To the Editor:
Bruce Bartlett has written a useful and mostly accurate assessment of the evidence concerning intergenerational income mobility in America [“Class Struggle in America?,” July-August]. But there remain several issues that he treats inaccurately or does not discuss.
Contrary to what he writes, the research documented in the book Unequal Chances: Family Background and Economic Success (which I co-edited) does not support either of two points he attributes to the New York Times’s recent series on class in America. First, the idea that “although individuals may appear to demonstrate income mobility over the course of their lives, eventually they end up in the same . . . income class as their parents” is quite far from the truth, and I do not know of any competent researcher who would assert it. In fact, children of families in the middle of the national income distribution are almost equally likely to end up in any income decile; for them, there is virtually no inheritance of economic position.
Second, Unequal Chances makes no claim that “whatever the degree of mobility in American society, it is no greater now than it has been in the past.” Rather, it presents strong evidence that the degree of mobility has been severely underestimated in past studies, which did not have the benefit of detailed data that have become available in the past decade.
To give a flavor of the actual numbers (taken from the Panel Study of Income Dynamics, consisting of a representative sample of 6,273 white and black families observed over 32 years and in two generations), the correlation between parents’ and children’s income is a modest .42, but the child of a family in the top decile has a 22.9 percent chance of remaining there while the child of a family in the bottom decile has only a 1.3 percent chance of moving to the top. Similarly, the child of a family in the bottom decile has a 31.2 percent chance of remaining there while the child of a family in the top decile has only a 2.4 percent chance of moving to the bottom.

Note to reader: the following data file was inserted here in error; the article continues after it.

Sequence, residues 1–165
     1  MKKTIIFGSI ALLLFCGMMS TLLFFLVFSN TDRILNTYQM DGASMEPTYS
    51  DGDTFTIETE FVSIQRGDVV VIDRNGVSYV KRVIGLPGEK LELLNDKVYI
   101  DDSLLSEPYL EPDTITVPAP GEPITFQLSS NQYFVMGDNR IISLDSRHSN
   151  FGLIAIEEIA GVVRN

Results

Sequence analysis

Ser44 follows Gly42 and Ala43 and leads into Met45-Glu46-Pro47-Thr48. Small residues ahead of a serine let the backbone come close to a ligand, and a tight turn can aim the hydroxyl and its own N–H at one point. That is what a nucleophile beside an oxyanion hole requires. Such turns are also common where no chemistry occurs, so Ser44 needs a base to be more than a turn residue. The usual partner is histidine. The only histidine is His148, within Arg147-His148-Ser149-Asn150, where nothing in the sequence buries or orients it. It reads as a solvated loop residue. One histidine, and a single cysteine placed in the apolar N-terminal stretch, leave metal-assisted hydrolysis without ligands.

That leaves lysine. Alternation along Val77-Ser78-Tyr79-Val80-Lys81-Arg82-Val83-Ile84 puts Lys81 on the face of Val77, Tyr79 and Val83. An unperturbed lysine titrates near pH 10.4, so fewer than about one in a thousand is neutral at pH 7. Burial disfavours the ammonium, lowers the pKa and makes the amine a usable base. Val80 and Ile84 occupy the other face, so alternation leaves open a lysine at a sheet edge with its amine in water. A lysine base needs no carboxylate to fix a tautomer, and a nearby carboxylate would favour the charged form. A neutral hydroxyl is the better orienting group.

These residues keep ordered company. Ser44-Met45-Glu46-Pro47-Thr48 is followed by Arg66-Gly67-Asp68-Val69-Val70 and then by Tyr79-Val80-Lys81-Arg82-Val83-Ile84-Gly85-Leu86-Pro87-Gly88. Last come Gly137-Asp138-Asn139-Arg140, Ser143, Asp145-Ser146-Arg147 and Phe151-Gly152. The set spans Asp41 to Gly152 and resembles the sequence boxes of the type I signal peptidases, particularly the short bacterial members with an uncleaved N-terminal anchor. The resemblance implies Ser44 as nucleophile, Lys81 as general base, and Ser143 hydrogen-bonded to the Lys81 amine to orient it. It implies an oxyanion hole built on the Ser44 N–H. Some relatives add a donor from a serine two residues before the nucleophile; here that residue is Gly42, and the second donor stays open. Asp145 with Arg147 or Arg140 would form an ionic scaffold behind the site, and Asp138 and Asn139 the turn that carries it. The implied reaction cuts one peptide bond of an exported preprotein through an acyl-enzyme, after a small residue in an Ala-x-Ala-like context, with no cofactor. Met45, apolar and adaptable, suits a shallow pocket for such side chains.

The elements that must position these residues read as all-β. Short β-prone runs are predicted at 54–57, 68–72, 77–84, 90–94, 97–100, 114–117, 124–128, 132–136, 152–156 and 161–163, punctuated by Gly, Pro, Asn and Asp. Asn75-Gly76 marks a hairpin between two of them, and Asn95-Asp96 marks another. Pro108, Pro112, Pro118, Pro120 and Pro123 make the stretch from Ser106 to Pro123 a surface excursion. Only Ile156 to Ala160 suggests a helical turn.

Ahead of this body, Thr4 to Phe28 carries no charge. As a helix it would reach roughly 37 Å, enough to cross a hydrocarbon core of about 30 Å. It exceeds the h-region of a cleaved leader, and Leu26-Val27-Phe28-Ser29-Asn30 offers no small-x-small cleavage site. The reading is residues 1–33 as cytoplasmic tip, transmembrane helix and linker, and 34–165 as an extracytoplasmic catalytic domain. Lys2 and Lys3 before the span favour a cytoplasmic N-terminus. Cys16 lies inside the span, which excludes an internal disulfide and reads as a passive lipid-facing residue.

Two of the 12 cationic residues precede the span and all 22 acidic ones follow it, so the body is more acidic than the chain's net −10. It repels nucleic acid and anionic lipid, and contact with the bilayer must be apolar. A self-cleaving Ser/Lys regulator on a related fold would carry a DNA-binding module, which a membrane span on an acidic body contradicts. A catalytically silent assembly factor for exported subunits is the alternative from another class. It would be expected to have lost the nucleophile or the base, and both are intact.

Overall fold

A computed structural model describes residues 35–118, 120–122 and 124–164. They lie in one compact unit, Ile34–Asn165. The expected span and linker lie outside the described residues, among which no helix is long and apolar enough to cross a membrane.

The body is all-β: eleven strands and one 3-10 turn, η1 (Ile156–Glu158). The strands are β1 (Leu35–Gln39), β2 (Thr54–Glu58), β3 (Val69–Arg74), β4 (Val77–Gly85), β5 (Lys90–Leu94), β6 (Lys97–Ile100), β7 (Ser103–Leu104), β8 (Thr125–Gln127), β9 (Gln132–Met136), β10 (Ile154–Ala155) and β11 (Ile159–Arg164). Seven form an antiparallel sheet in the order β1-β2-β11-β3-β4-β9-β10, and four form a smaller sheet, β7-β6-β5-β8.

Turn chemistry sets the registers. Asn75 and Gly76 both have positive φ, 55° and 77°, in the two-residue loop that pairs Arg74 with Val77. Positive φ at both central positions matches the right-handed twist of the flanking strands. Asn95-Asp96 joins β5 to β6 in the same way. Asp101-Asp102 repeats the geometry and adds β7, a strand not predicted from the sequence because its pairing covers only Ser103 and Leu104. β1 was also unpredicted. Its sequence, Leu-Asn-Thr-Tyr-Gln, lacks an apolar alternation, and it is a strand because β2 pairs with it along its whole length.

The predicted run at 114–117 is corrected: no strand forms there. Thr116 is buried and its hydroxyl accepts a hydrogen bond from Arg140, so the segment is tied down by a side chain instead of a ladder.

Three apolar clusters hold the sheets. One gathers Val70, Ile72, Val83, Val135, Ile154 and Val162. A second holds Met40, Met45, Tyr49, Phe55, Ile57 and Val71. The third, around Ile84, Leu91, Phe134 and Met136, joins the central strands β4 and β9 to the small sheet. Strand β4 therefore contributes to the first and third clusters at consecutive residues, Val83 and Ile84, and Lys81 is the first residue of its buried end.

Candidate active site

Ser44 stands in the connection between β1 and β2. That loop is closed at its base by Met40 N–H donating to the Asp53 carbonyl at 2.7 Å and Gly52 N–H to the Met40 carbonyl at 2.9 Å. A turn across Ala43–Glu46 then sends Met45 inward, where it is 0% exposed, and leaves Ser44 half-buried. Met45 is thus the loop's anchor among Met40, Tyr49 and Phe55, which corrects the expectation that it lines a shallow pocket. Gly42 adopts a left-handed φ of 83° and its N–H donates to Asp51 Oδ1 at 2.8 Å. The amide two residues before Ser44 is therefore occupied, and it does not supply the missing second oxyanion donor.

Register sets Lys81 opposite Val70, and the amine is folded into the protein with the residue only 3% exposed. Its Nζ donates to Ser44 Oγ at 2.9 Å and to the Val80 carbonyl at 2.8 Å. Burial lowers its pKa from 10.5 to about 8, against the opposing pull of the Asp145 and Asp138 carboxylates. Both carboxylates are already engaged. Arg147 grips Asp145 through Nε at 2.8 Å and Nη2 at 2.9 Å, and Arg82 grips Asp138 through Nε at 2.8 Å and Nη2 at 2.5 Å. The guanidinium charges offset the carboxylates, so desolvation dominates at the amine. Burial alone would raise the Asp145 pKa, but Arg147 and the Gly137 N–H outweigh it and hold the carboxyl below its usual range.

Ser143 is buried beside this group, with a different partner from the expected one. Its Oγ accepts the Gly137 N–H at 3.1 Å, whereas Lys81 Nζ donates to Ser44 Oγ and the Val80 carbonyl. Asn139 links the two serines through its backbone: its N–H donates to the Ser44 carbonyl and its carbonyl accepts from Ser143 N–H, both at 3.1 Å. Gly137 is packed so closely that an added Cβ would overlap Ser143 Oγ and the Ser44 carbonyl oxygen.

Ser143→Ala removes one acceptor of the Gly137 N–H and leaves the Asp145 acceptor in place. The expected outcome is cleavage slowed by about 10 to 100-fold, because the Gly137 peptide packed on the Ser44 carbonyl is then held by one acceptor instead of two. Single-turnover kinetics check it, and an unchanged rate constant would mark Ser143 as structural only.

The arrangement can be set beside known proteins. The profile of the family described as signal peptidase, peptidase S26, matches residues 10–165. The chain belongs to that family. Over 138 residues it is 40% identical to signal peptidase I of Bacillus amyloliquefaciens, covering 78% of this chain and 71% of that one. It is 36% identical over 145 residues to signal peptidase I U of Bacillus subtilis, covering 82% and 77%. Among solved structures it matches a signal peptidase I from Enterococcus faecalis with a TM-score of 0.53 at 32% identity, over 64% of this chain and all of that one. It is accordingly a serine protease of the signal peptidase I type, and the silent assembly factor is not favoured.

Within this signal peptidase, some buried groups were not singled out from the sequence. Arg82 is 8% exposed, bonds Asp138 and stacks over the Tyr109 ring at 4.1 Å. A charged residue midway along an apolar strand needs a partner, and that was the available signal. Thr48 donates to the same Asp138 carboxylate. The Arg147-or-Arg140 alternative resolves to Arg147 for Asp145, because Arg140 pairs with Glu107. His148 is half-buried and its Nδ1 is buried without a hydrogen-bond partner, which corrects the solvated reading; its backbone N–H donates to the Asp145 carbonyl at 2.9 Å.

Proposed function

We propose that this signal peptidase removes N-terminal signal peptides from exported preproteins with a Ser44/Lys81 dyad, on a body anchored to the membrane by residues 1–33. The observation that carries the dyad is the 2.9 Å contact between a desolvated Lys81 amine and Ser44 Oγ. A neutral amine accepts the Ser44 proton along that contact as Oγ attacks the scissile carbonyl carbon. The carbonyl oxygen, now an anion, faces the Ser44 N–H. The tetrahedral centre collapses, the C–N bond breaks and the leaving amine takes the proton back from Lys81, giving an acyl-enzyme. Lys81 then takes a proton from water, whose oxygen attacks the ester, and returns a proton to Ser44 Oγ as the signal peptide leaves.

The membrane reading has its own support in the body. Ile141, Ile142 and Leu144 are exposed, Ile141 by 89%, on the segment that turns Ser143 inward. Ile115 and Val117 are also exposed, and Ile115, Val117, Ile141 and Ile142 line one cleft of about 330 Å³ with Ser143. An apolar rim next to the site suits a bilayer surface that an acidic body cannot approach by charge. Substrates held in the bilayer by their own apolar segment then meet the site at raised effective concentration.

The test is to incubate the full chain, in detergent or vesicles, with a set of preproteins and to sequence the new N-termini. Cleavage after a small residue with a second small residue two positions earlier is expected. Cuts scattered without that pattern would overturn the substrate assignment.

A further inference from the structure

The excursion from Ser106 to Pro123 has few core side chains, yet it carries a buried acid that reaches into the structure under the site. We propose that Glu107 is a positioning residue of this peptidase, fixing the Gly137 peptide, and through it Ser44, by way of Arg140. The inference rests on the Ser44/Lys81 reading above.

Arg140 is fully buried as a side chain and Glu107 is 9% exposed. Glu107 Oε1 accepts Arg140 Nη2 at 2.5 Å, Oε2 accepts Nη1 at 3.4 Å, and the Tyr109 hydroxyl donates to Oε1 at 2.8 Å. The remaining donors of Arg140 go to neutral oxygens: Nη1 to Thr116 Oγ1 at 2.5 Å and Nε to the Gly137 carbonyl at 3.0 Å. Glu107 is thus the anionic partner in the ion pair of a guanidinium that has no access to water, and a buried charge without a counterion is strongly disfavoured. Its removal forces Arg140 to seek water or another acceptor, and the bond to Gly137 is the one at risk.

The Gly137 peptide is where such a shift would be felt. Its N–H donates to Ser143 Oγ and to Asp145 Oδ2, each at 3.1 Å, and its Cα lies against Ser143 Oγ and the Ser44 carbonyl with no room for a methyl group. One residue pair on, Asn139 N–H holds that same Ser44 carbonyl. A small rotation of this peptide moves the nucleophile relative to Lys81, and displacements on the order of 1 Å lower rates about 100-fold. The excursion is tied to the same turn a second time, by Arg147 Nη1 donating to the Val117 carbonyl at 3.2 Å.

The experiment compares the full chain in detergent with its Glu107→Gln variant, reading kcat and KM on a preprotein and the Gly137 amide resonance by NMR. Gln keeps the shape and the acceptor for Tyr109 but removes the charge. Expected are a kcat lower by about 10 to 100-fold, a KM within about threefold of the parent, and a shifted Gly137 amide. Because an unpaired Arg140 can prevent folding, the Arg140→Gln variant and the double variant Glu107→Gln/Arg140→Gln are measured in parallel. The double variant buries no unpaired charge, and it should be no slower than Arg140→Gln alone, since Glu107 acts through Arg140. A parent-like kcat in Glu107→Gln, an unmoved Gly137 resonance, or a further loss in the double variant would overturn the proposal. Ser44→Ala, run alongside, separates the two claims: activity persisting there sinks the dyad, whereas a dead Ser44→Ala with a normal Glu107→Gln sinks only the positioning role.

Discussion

My point is simply this: even a fairly high degree of mobility on average is compatible with extreme inequality between the relatively poor and the relatively well-off. This is a serious social problem. It is not fair that the accident of one’s birth family entails a fifteen-fold difference in one’s probability of attaining success. In a decent society, individuals are not so severely handicapped by the vagaries of birth.
Mr. Bartlett disagrees. “What is truly important for a society,” he writes, “is how people in general perceive their circumstances”—as opposed, presumably, to what those circumstances really are. But the way middle- and upper-class people feel about their circumstances cannot be averaged in with the objective circumstances of the poor.
It is time that conservatives took the plight of the poor seriously, and proposed effective measures to reduce our society’s extreme disparity in rates of success. The assertion by conservatives that poverty is caused by welfare is in part true, but only in part. Appropriate redistributive policies can promote self-reliance and can isolate the minority of families that are truly incapable of caring for themselves. The absence of a dialogue on the Right focused on this problem only reinforces the stereotype that conservatives are hard-hearted and uncaring.
Santa Fe Institute
Santa Fe, New Mexico
To the Editor:
Bruce Bartlett rejects the idea that the rich have gotten richer while the poor have gotten poorer, using income and polling data to validate his argument. He points out that due to widespread home ownership and the vast run-up in real- estate assets, “aggregate wealth has become much more evenly distributed” in America. This is correct, but therein lies the problem.
The wealth effect from the current boom/bubble in real estate is what keeps our spend-without-saving economy muddling along. We are spending 80 percent of the world’s savings and borrowing $2 billion every day from savers outside the U.S. to keep our standard of living at the top of the heap.